5. Adjust Personal Financial Plans
Take a fresh look at your personal financial goals as a doctor. We all took a lot for granted up until 2019; we were emerging quite well from the Great Recession, and it looked as if the next few years of investments would treat us well. COVID-19 reset expectations for market volatility for many of our clients deciding how much longer they want or need to work, what they’ll need in retirement, and what their earning potential will be between now and then.
Make sure that you, like your practice, have capital reserves and financial resilience. Ensure that you have the savings rate and the flexible thrift to respond and thrive when future economic changes come sweeping through.
During the past several months, our average client practice has done much better than we might have expected based on the forecast in March when everyone was running for the hills. At that time, there were fears that the pandemic could deliver a mortal blow to many practices. Overall, we’ve seen instead that practices, staff, and providers are more resilient.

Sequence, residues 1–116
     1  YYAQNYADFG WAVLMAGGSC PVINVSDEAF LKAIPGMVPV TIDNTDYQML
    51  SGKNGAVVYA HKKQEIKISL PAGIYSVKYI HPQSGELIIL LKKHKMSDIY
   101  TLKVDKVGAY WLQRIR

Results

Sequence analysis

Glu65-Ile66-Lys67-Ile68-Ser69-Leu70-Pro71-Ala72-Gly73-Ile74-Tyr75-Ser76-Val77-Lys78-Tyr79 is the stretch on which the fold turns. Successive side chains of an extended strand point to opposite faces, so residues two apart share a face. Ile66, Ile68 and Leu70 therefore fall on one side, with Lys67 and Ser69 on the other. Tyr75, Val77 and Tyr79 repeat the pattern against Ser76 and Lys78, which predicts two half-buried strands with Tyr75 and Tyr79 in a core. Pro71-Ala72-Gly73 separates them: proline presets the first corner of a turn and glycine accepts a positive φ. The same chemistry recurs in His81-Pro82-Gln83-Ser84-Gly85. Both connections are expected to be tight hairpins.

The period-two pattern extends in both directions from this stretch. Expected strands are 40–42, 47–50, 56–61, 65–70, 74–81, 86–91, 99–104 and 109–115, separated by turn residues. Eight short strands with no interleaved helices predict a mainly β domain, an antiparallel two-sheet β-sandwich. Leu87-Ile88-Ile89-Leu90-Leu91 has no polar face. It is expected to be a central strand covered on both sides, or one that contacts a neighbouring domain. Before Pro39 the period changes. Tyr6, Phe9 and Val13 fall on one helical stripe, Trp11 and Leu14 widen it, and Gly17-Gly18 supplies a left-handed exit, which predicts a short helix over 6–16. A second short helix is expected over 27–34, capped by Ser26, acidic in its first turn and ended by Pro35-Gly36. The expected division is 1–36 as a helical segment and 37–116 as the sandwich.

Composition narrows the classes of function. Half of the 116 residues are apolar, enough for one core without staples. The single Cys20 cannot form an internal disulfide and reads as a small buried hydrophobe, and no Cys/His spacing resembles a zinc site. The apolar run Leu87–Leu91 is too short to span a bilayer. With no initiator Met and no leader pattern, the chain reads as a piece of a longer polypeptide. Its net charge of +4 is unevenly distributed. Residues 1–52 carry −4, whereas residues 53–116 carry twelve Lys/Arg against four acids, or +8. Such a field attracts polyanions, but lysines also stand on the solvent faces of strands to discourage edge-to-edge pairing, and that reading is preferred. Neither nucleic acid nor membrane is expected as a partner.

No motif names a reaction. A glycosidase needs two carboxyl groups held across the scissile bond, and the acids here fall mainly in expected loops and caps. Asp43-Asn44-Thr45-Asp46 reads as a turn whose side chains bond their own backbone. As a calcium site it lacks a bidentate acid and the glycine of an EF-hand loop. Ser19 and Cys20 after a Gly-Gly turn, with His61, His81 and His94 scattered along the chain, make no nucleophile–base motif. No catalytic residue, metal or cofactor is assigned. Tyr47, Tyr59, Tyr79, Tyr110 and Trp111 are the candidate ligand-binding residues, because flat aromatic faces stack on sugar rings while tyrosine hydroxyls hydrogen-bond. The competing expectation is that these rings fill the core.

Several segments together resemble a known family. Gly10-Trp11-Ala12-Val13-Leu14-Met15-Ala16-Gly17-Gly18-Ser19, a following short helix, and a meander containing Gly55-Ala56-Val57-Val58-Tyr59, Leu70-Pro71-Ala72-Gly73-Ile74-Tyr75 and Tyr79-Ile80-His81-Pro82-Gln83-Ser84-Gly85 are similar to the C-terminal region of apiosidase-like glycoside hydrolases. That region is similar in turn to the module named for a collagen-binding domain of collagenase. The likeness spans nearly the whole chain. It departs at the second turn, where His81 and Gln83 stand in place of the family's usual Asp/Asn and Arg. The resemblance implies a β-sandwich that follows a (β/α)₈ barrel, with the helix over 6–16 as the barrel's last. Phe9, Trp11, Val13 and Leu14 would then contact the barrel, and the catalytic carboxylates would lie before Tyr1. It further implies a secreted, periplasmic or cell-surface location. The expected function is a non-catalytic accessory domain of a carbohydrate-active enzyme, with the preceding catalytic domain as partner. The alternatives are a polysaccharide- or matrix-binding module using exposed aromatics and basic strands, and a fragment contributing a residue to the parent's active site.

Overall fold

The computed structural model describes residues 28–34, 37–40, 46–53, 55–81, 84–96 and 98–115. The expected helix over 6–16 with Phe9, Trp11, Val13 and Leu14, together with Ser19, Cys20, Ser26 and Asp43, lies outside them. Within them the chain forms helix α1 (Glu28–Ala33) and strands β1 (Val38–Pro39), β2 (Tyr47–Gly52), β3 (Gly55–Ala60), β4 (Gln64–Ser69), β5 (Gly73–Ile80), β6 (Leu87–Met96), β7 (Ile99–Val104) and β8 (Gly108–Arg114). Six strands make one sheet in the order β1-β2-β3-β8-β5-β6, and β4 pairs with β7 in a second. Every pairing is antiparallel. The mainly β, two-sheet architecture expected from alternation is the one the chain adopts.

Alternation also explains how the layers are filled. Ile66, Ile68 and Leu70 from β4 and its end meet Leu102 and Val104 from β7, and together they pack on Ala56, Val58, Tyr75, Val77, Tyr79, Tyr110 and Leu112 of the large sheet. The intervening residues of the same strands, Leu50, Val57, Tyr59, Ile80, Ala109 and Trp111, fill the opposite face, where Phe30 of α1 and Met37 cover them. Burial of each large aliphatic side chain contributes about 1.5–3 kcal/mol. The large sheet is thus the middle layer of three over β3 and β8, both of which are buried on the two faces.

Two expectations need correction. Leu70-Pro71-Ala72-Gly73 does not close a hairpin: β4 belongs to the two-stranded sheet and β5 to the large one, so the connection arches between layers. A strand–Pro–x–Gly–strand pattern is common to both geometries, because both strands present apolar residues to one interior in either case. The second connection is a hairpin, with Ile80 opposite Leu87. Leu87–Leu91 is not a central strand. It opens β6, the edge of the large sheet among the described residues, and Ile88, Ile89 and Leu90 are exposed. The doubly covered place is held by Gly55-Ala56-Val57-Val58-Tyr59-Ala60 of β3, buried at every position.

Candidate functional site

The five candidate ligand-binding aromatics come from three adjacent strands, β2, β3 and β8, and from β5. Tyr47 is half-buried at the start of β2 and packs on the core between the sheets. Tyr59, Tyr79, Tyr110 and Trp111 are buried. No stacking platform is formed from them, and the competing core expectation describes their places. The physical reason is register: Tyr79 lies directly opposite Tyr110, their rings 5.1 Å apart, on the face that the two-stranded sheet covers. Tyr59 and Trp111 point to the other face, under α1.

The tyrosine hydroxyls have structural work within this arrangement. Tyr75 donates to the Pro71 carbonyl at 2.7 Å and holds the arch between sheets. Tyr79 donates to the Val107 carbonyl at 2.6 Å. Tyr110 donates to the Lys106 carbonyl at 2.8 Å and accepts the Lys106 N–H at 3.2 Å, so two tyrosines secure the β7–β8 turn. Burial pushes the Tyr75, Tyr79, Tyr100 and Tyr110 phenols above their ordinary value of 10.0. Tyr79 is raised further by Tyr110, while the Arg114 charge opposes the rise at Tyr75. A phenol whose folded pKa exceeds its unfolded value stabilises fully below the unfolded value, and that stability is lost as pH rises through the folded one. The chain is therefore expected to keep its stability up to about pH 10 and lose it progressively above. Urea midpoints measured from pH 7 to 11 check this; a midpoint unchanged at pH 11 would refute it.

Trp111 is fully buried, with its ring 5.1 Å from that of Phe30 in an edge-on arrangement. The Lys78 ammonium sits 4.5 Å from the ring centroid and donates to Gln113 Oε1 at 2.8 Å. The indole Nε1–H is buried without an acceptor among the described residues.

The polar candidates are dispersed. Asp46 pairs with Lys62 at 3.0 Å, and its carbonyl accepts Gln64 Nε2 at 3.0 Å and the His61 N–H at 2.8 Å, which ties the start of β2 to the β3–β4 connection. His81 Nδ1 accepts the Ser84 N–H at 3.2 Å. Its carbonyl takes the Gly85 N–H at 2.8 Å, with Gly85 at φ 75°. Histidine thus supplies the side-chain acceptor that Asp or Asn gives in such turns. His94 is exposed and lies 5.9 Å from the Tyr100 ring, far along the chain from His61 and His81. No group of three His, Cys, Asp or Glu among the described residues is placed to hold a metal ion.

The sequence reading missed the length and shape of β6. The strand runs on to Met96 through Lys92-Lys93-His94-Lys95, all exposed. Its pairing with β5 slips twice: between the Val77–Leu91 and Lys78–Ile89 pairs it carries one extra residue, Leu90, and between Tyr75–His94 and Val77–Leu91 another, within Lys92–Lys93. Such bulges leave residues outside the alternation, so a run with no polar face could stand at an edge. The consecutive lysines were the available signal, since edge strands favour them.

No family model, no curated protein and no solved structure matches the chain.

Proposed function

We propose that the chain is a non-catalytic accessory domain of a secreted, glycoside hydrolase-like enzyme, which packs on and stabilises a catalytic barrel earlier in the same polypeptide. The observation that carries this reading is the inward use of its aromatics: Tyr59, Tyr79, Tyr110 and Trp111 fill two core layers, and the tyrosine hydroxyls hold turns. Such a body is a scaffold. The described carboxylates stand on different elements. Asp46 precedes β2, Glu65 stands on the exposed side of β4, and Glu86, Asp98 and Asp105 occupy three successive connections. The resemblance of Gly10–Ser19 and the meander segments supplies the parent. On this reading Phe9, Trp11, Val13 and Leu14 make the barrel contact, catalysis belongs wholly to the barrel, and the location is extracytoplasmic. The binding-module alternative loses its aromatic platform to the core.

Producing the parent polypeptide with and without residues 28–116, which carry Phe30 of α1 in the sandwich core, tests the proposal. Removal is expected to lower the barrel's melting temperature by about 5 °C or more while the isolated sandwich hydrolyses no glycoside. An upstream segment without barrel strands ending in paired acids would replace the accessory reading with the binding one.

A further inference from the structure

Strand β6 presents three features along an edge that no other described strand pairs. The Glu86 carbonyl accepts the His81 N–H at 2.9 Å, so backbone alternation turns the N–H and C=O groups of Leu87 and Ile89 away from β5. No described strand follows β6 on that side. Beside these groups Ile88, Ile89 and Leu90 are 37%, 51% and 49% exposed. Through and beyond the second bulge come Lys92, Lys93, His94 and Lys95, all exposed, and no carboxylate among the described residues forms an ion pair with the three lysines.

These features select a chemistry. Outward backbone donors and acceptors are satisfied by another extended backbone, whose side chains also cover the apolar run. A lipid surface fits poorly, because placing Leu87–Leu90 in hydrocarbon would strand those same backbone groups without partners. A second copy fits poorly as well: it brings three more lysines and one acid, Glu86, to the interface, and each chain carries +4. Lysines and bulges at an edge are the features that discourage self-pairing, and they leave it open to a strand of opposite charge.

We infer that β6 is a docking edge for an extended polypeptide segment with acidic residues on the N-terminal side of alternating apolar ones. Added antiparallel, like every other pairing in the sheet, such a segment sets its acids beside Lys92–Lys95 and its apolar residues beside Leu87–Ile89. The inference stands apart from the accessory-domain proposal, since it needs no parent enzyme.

Even so, there’s good reason to learn from the lessons of the past year. For example, some practices saw that they could run with leaner staffing ratios. Take the time to analyze the year. Ask yourself, “What did we learn about our practice’s functioning during this time? What did we do well? What didn’t we do well? How can we be better prepared the next time?”
Your answers to questions such as these can help you to prepare for the next unforeseeable and significant economic downturn.